Senator Kaufman Approves SEC Proposal Calling For Elimination Of Naked Access
Yet as even Senator Kaufman, the last person left in D.C. who is fighting the uphill battle for an efficient market, and not a puppet proxy of various HFT interests, acknowledges, there is still a lot to be done.
Kaufman Applauds SEC’s ‘Concept Release’ on High Frequency Trading and Proposed Rule to Ban Naked Access
Reiterates need for rule requiring disclosure of high frequency trading data and independent empirical analyses to measure impact of market developments on long-term investors
WASHINGTON, D.C. – Senator Ted Kaufman (D-DE) on Wednesday applauded the Securities and Exchange Commission for its rule proposal that would eliminate so-called ‘naked access,’ which allows traders to deal directly with exchanges without the pre-trade financial and risk checks applicable to and monitored by broker-dealers. Studies estimate such trading represents as much as 38 percent of daily trading volume.
The Commission also voted to publish a so-called ‘concept release’ on a host of equity market-structure issues, including high frequency trading. Kaufman originally called for a comprehensive review of this kind in an Aug. 24 letter to SEC Chairman Mary Schapiro.
“I am very pleased that the Commission is ready to ask serious questions and drill down beneath the standard-issue ‘provides liquidity’ defense of high frequency trading. The SEC needs to understand and control technology and its benefits, not permit technology to operate without regulatory understanding or access to needed data, and in doing so outrace the regulators’ ability to ensure market fairness for long-term investors. I am hopeful that a variety of independent parties will provide the Commission with the empirical studies needed to assess the price impacts of these trades on long term investors, though I worry that the data needed to undertake those studies is still not available,” Kaufman said.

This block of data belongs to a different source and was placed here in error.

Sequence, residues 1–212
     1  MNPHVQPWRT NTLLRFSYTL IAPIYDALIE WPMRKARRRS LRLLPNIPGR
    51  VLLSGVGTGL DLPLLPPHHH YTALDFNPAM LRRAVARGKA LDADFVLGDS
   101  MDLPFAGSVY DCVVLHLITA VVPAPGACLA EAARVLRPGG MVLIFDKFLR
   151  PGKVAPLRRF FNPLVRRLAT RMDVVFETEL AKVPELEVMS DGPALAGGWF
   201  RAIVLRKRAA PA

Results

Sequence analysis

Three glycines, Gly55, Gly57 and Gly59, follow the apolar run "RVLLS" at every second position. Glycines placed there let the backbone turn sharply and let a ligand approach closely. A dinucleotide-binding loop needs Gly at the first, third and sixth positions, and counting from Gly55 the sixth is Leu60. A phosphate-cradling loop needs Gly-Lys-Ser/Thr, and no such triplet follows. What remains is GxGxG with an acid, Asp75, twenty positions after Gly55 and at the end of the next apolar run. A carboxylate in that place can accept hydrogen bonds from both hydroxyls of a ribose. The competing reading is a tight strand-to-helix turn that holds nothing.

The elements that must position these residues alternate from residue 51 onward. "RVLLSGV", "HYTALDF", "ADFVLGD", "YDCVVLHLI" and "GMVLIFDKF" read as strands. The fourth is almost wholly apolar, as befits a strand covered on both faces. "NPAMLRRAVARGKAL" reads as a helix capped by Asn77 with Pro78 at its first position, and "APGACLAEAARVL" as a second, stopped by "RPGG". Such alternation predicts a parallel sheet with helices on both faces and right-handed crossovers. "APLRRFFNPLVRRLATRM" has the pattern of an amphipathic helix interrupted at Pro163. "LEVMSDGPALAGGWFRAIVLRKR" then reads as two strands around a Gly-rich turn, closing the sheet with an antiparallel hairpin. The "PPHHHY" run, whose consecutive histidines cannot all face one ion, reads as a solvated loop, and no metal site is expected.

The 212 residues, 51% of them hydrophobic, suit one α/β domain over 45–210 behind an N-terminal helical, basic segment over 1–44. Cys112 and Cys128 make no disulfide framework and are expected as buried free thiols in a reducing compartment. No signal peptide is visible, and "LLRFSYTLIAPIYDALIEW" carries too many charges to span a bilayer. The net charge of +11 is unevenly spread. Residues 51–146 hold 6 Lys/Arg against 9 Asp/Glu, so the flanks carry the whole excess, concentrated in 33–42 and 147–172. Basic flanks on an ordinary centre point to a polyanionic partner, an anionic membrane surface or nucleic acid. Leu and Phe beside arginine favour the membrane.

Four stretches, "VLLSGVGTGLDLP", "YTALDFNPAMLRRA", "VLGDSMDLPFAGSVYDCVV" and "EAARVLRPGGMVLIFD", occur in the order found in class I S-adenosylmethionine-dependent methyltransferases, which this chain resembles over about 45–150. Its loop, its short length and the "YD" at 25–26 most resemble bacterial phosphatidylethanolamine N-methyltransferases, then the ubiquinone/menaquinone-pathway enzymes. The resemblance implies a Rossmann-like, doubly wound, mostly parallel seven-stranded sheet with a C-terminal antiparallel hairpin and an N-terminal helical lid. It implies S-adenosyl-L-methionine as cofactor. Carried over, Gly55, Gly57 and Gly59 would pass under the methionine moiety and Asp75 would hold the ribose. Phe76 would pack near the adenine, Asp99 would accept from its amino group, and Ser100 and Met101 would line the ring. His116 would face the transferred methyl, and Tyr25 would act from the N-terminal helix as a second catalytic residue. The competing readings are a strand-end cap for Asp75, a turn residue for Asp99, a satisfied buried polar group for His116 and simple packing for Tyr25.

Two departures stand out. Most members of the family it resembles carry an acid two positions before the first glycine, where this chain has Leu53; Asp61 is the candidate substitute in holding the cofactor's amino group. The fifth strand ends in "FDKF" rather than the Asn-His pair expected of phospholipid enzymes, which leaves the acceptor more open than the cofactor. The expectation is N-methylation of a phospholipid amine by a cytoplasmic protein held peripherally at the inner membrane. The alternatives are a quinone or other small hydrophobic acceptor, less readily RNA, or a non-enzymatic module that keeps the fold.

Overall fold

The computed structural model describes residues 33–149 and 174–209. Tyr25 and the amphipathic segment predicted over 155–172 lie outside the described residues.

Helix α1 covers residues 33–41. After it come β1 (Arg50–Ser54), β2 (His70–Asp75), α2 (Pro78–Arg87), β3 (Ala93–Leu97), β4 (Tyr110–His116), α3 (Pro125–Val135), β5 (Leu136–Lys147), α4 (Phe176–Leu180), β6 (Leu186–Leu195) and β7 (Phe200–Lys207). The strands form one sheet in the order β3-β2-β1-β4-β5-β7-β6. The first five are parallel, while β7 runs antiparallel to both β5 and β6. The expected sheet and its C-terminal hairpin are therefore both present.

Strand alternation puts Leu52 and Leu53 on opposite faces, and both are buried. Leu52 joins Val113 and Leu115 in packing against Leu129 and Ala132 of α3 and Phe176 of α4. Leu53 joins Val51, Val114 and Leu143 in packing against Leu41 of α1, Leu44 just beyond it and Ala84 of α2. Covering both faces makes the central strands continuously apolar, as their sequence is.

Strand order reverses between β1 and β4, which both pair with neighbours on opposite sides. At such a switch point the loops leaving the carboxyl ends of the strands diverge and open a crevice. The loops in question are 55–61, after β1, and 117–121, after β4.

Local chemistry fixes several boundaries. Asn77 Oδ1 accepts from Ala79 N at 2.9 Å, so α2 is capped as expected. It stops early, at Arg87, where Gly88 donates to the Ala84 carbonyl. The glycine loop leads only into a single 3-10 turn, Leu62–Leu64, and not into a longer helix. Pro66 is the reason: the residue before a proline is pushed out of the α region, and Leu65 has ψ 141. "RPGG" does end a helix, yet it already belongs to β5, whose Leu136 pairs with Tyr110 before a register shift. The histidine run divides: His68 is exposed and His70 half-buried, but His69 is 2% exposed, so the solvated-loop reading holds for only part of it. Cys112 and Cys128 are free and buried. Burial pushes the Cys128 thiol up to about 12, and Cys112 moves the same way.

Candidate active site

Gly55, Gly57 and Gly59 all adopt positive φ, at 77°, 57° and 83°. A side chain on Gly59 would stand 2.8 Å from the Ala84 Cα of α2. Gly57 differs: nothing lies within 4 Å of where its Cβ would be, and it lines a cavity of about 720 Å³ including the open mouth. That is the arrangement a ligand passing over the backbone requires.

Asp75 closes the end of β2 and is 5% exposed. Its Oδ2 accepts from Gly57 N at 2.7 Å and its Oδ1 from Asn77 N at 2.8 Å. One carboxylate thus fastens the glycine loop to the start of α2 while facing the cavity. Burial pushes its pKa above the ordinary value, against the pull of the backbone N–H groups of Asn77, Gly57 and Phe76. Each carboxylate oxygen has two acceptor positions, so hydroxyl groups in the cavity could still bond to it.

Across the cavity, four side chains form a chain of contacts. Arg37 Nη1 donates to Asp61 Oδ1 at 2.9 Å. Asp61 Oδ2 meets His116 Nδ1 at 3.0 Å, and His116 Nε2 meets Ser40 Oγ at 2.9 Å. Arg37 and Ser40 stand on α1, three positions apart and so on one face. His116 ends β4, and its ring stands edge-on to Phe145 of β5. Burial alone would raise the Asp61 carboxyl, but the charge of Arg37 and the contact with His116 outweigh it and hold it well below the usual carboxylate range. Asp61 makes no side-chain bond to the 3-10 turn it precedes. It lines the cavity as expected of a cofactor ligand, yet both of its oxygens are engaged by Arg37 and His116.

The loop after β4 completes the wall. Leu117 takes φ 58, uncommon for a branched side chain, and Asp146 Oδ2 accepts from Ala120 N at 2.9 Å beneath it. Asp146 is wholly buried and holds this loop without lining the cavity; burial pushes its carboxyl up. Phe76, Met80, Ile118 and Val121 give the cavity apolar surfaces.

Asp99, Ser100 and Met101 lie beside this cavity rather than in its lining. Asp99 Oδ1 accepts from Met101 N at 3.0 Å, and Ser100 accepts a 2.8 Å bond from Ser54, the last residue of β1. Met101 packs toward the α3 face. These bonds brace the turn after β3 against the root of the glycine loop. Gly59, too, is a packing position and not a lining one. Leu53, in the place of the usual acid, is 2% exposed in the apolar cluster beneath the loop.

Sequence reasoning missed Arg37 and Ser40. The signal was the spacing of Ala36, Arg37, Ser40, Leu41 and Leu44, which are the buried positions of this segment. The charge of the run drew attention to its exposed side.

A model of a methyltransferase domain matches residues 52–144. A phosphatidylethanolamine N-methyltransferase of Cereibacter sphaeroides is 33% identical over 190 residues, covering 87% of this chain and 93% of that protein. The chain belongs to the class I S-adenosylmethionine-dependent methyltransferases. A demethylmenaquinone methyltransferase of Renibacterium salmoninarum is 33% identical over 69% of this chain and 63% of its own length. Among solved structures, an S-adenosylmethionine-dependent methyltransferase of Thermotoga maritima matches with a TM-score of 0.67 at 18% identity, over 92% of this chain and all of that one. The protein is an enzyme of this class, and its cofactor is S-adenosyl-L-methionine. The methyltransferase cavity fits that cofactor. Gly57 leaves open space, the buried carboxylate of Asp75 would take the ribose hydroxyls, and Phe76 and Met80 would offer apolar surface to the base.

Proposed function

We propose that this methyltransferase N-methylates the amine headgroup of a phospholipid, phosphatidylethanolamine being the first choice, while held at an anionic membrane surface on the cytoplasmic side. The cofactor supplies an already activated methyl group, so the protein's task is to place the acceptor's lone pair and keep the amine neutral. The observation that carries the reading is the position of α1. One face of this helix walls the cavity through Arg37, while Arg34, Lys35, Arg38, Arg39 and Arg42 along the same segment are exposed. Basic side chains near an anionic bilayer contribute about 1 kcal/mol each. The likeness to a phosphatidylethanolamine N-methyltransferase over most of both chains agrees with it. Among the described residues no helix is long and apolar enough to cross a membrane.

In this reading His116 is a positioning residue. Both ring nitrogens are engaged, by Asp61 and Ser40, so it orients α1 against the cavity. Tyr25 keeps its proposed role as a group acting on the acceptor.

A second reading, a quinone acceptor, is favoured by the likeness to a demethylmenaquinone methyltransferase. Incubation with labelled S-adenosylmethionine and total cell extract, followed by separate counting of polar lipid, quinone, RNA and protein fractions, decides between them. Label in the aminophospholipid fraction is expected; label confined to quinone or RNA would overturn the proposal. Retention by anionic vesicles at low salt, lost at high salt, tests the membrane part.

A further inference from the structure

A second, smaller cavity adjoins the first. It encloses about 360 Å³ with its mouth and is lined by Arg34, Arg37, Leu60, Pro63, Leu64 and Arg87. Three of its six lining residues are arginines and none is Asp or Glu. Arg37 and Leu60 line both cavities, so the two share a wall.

The SEC’s actions today follow a Nov. 20 letter Kaufman sent to Chairman Schapiro calling on the SEC to address risks created by naked access and take steps to increase transparency surrounding high frequency trading. In her Dec. 3 response, Chairman Schapiro also promised that the Commission would use its “large trader” authority to implement stricter reporting requirements for high volume traders.
Said Kaufman: “A proposed rule on tagging and reporting of high frequency trading is a critical element of ensuring the integrity of our financial markets. I look forward to Chairman Schapiro expediting that process.” Kaufman is concerned that with 70 percent of the daily volume now represented by high frequency trading, most market participants profit directly or indirectly from that volume, and so are conflicted in critiquing it effectively. Many who may be disadvantaged by high frequency trading neither have the empirical data nor the analytical capability to measure the price impacts high frequency trading may cause them to suffer.